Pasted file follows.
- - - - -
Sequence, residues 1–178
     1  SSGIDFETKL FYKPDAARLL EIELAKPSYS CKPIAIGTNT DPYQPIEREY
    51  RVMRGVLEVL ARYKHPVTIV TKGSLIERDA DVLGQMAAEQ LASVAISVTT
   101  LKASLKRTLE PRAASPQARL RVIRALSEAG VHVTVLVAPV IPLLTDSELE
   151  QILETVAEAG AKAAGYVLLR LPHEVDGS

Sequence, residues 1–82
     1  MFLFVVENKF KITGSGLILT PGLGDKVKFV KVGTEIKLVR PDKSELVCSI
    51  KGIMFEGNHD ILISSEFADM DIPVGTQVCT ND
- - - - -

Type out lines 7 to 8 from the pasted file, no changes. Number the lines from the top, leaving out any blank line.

     1  MFLFVVENKF KITGSGLILT PGLGDKVKFV KVGTEIKLVR PDKSELVCSI
    51  KGIMFEGNHD ILISSEFADM DIPVGTQVCT ND